My first night back, literally my third time tanking a dungeon in four years, the healer and one of the melee DPS both whispered me thanking me for being an awesome tank. Presumably, this was because of my magical ability to turn mobs around and the marvelous mastery of a three button rotation. Seriously, at level 99, my Guardian Druid has half of his bar empty of abilities. And turning enemies so that rogues can attack their backs, and well as kiting said enemies out of fire and other ground hazards, used to be standard. It used to be just what tanks are expected to do. You were supposed to pay attention to your surroundings and aggro adds as soon as they appeared.
Yesterday in some dungeon I watched a boomkin get picked up by a bird and slowly but surely carried off the edge of the map and dropped into the abyss, where he died. Although I taunted the thing as soon as it appeared, charged it, and started smacking it, none of the DPS players were ever aware of its presence. They may not even be aware to this day that one of the players didn’t survive the fight. And if you’ve never played WoW, then it’s hard to explain this, but these things move slowly. Everything in World of Warcraft happens slowly. If an enemy is going to attack, there’s a full 5 second warning every time. “I’m swinging my axe soon!” the boss shouts.
“Okay!” shouts back the tank and healer.
“Can I AoE the axe for extra deeps?” shouts one DPS.
“Mmahd grrglg amga aufhak,” shouts another, whose mouth is full of Hot Pocket.
The third DPS says nothing, because he sees nothing beyond the Recount chart.
3. Blizzard knows EXACTLY who is playing their game.
In another dungeon while tanking, I got some sort of bomb placed on me. Being one of the few people who loved and appreciated the increased difficulty of Cataclysm Heroics (and who completed them before the nerf), I naturally backed away. Yes, I backpedaled. Backpedaling is a good quality in tanks, because your dps won’t stop attacking, and if you can’t damage the mobs, the dps will aggro them.
So with this ability on me that was going to cause a ton of damage, likely to everyone, I moved away from where we stood. Seeing the possibility that his Damage Done or DPS might go down in the chart, the Death Knight followed right behind them, refusing to cease attacking them for long enough that would be necessary to not be blown the hell up.
The bomb went off, and I didn’t even notice it.
In Wrath, that shit would have caused a death. In Cata, it probably would have caused a wipe. In BFA, it doesn’t seem to actually do anything, to the point that it’s no longer a big deal to stand in the fire. It just doesn’t hurt. This is presumably a response to the evolutionary mutation affecting DPS players that have caused the fingers on their hands to merge into seal flippers, making it difficult for them to do such complicated things as getting out of fire, and the awareness of literally everyone that DPS players do this.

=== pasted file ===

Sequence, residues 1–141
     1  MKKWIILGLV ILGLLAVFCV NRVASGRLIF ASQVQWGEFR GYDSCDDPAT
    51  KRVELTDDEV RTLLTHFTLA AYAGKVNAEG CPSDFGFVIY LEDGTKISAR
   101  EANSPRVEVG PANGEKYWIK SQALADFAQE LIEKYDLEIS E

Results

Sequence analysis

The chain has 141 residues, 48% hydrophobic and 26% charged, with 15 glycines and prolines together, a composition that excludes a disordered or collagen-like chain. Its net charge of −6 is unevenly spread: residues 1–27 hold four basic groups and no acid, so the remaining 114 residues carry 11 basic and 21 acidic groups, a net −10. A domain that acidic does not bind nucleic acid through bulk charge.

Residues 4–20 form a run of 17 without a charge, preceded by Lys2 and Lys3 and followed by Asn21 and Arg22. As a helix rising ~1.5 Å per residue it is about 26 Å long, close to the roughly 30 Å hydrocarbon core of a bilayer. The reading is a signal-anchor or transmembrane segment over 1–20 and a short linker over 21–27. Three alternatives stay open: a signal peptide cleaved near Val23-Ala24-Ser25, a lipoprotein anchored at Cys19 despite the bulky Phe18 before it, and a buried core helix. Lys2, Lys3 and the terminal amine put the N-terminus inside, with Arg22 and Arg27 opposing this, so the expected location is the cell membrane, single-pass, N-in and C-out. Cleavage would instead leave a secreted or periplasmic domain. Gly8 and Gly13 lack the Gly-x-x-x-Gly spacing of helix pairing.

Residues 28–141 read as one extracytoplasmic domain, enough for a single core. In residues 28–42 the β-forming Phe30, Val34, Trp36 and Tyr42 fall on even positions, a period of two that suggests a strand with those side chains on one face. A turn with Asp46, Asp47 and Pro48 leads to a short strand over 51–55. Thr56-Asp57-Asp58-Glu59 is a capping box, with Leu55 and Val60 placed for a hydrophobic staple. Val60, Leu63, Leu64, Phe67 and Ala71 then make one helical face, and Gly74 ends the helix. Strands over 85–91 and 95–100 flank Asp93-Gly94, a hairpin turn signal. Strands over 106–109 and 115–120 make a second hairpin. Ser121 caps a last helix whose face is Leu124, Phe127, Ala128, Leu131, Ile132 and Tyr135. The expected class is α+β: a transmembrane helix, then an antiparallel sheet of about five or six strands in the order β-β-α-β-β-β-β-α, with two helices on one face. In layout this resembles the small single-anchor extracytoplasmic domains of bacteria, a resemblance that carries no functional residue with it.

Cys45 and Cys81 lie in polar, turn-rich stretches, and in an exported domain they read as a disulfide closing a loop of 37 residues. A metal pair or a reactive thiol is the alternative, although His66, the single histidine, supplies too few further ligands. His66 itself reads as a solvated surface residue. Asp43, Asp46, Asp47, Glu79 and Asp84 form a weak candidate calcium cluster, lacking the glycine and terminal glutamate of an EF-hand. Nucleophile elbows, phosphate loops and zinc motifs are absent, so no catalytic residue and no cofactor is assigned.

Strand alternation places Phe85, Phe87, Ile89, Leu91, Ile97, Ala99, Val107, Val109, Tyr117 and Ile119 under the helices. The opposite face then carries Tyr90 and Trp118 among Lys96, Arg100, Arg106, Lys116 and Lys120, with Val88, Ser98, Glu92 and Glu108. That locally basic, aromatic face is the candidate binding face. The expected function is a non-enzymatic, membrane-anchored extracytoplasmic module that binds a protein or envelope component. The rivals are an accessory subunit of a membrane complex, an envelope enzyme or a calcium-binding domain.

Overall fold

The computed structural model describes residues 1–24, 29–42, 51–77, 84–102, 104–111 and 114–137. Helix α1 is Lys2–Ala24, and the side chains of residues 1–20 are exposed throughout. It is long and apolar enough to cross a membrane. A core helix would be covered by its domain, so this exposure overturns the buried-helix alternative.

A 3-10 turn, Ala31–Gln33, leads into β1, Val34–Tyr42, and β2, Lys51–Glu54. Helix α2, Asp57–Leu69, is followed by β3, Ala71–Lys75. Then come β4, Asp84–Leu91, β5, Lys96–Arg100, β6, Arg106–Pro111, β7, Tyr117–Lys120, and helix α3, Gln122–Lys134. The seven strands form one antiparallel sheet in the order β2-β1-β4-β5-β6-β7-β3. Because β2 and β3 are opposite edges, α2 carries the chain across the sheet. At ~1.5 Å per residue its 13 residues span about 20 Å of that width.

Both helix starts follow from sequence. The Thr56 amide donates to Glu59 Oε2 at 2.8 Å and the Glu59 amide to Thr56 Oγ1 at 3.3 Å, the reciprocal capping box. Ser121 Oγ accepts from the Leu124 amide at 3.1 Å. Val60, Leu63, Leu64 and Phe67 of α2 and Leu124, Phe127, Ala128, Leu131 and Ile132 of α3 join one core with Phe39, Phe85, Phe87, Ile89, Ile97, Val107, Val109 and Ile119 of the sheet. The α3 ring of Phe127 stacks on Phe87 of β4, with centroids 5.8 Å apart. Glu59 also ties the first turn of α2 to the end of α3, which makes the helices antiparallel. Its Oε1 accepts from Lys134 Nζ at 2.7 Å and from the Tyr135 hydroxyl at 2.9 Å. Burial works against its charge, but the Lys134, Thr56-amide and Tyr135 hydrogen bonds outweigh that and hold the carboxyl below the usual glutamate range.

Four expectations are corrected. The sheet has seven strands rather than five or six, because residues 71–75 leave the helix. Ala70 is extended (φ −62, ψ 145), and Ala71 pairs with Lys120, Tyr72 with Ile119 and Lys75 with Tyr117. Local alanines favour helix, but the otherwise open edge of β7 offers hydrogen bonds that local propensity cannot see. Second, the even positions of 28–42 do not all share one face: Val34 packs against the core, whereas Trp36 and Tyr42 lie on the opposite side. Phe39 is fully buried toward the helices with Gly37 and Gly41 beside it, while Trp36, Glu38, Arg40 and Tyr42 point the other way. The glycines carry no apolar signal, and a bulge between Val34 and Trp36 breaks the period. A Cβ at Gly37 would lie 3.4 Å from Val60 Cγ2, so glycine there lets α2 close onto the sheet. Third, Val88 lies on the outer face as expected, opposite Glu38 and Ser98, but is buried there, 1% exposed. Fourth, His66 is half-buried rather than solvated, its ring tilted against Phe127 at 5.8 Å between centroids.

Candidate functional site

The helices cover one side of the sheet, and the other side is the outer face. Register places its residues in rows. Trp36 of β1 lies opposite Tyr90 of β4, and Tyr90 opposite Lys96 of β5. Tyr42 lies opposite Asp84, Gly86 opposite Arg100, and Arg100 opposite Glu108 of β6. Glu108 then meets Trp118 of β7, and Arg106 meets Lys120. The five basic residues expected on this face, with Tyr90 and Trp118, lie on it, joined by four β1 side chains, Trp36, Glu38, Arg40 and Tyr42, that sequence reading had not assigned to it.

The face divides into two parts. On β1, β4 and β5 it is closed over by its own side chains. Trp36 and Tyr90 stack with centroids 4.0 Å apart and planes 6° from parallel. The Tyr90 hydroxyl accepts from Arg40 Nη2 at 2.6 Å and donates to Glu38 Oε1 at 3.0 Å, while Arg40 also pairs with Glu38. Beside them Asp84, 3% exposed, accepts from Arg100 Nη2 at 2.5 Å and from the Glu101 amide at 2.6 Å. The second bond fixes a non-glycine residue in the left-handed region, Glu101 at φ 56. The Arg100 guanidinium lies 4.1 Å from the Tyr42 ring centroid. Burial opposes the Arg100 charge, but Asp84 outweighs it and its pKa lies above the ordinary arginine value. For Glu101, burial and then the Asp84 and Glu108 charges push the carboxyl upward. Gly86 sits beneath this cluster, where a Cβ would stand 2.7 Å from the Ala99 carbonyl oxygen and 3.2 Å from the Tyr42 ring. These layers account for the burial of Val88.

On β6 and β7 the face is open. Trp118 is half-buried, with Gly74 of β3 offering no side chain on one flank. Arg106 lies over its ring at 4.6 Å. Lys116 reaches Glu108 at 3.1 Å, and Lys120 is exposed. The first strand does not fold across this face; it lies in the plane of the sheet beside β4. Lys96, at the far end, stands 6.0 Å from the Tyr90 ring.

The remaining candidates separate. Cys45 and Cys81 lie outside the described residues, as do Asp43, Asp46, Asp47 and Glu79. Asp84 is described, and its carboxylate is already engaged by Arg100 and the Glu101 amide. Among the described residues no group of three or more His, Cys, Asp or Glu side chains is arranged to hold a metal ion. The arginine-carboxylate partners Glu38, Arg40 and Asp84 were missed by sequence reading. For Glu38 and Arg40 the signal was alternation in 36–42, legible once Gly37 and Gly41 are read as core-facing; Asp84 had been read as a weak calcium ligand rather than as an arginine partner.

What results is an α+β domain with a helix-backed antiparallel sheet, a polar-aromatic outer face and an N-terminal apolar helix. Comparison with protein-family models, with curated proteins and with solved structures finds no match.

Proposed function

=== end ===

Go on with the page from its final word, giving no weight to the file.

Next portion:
It also turned out, in aforementioned dungeon where a boomkin slowly and painstakingly was carried off the cliff by a bird at a rate that came close to passing the speed at which a McDonald’s hamburger grows mold, that our healer was AFK. Like through the whole thing. He put himself to follow one of the DPS players, didn’t say a word, and went AFK. I never noticed. It’s just part of my rotation to use Survival Instincts to self-heal, to the extent that I finish most dungeons about 1% behind the healer in terms of Healing Done, so an absent healer wasn’t a big deal. I normally use the first group of enemies to gauge the group’s damage and healing capabilities, and then I pull groups accordingly. If their DPS is slow or it seems the healer is having a hard time, I take it slow.
So that’s the state of World of Warcraft now, apparently. Appropriate level dungeons can be completed with an AFK healer. I’d venture the statement that one tank and one DPS could complete appropriate level dungeons, though it might take them a bit of time to tear through everything. It has to be easy, though, because, as we mentioned earlier, to the average WoW player, moving out of the fire is something only legendary players are capable of, so the real skill level of the average player is somewhere between a 3 year old wildly pressing buttons in Mortal Kombat, and that same 3 year old after they’ve grown bored, set the controller on the ground, and walked away.